I don't think there is anything incorrect about your function. Investigate the
forecast package; I suspect that it will provide many functions that you need.
I have rewritten your function concisely:
y = rnorm(120,0,3) + 20*sin(2*pi*(1:120)/12)
x = months(ISOdate(2012,1:12,1))
reg.data = data.frame(y, x)
train<-reg.data[1:(i + min.fit - 1),]
test<-reg.data[(i + min.fit):(i + min.fit + h - 1),]
pred<-predict(lm(y~x, data=train), newdata=test)
abs(test$y - pred)
mean(sapply(seq(1, nrows - min.fit - h + 1, by = h),pred.set,h=h))
pred.by.horiz matches the output of your function (and post-processing) exactly.
As you mentioned, the horizon does not appear to affect the MAE:
plot(mae.by.h,type='l',col='red',lwd=2,xlab='Horizon',ylab='Mean absolute error')
Perhaps you expected the the mean error would increase as the prediction horizon increases. For many time-series models this would be true, but in your linear model of months adding more data doesn't help you predict the next point in the series (unless you add 12 months or more).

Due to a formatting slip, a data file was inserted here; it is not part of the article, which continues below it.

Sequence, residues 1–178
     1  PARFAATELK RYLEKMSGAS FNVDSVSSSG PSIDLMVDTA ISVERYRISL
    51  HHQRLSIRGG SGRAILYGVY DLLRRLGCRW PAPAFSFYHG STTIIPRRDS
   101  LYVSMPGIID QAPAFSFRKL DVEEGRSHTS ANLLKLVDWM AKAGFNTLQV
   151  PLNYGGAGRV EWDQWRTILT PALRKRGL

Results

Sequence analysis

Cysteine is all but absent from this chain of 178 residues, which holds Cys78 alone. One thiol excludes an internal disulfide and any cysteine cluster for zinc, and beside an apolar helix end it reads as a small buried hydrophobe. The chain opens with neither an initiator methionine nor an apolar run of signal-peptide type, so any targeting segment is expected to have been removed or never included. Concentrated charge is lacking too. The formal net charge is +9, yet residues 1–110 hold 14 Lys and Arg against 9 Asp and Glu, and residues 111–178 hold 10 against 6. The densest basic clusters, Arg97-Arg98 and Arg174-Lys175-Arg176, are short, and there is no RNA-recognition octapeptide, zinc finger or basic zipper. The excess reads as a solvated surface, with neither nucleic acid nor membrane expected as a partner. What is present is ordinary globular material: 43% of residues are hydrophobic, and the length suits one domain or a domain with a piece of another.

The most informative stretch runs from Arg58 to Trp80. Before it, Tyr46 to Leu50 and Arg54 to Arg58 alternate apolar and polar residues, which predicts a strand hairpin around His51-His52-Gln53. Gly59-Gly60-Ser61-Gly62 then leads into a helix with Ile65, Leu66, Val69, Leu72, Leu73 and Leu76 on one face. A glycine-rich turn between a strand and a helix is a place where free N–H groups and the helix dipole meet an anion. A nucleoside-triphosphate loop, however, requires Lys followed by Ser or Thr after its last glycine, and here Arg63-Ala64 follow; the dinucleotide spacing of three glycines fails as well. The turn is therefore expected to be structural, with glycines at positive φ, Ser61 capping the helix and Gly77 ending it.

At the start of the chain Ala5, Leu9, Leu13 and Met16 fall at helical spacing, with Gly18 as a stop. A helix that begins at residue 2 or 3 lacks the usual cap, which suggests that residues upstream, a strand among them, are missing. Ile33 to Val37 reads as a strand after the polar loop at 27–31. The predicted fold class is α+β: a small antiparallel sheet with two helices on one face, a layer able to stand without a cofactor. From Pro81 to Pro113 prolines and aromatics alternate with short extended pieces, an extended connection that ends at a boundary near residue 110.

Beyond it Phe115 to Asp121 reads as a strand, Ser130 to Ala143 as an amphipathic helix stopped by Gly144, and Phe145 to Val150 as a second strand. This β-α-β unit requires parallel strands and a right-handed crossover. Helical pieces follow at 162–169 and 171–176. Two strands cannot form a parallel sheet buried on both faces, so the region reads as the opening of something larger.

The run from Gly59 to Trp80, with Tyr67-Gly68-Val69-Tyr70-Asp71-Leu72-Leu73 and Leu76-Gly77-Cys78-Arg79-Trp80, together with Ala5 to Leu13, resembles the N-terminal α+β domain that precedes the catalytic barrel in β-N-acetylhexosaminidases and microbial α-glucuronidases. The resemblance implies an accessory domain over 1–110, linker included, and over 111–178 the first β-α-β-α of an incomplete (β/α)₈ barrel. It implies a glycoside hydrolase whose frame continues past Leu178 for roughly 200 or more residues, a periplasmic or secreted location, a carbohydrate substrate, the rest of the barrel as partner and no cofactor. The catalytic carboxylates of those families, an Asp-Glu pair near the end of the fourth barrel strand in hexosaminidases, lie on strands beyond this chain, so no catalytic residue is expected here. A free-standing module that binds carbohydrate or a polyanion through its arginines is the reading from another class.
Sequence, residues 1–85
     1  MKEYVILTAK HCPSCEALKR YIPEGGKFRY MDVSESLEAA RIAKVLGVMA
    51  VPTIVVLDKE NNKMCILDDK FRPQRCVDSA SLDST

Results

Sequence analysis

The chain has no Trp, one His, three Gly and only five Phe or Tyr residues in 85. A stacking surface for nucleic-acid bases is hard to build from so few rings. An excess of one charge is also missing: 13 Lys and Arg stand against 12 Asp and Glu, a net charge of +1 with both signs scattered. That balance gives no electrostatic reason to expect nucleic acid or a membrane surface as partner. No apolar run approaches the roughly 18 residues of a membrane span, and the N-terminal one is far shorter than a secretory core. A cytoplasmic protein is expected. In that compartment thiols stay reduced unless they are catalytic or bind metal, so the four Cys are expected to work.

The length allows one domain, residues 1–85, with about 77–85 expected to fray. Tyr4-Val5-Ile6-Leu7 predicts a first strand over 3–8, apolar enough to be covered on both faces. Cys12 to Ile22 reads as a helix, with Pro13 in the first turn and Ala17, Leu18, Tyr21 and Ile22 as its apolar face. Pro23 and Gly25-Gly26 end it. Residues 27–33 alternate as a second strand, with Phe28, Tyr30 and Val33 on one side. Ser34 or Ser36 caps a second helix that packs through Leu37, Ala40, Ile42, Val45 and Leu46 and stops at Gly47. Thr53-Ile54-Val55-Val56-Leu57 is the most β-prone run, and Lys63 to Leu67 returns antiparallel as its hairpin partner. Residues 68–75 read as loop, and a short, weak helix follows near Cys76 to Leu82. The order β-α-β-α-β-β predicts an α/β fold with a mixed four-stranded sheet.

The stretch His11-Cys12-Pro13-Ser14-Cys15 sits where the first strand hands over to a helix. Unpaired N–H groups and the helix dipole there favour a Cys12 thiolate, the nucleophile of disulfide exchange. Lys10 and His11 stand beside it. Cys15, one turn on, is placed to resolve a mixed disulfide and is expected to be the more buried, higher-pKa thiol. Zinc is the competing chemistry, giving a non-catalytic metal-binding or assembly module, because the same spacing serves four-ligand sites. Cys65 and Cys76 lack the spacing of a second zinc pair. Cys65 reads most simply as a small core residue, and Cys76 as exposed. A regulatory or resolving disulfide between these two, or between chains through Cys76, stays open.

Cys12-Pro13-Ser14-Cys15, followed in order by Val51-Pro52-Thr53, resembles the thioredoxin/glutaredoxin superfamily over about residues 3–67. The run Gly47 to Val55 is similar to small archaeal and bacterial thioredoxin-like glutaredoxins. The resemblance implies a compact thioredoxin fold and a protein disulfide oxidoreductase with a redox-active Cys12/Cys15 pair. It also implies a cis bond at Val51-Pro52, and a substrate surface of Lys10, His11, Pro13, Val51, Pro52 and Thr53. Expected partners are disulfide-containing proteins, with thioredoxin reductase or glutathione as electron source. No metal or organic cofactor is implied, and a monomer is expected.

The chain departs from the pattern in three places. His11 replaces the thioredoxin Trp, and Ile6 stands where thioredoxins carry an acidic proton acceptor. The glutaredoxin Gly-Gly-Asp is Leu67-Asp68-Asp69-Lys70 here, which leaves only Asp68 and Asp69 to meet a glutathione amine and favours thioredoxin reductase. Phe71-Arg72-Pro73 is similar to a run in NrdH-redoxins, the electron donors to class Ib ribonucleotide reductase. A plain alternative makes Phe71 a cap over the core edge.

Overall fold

For example, consider what happens when
h is 1. You begin with 84 months of data, 7 points of data for each month. Now, you add one point of data, which will be the next January, and attempt to predict the result of February. But your additional point of data will only help you predict the next January, that is how your linear function works. Look at the summary of the model:
lm(y ~ x, data = reg.data)
(Intercept) xAugust xDecember xFebruary xJanuary
17.11380 -32.74962 -17.81076 -0.03235 -6.63998
xJuly xJune xMarch xMay xNovember
-26.69203 -17.41170 2.96735 -7.11166 -25.43532
Each prediction is made solely on the basis of two variables, the intercept, and the predicted month. So predicting one point ahead isn't any easier than predicting five points ahead. That is why the MAE isn't rising as the horizon increases the problem is in the way you modeled the data, not the MAE function.
One thing I didn't completely understand about your function is why you decided to increment the size of the train set by
h on each iteration. It is revealing to look at what happens when you try to increment by 1:
# Code to increment by 1
function(h) mean(sapply(seq(1, nrows - min.fit - h + 1, by = 1),pred.set,h=h))
plot(mae.by.h2,type='l',col='red',lwd=2,xlab='Horizon',ylab='Mean absolute error')
The pattern here is complex, but you'll note that the MAE starts to decrease at 12, when the horizon is large enough that the next point can be used.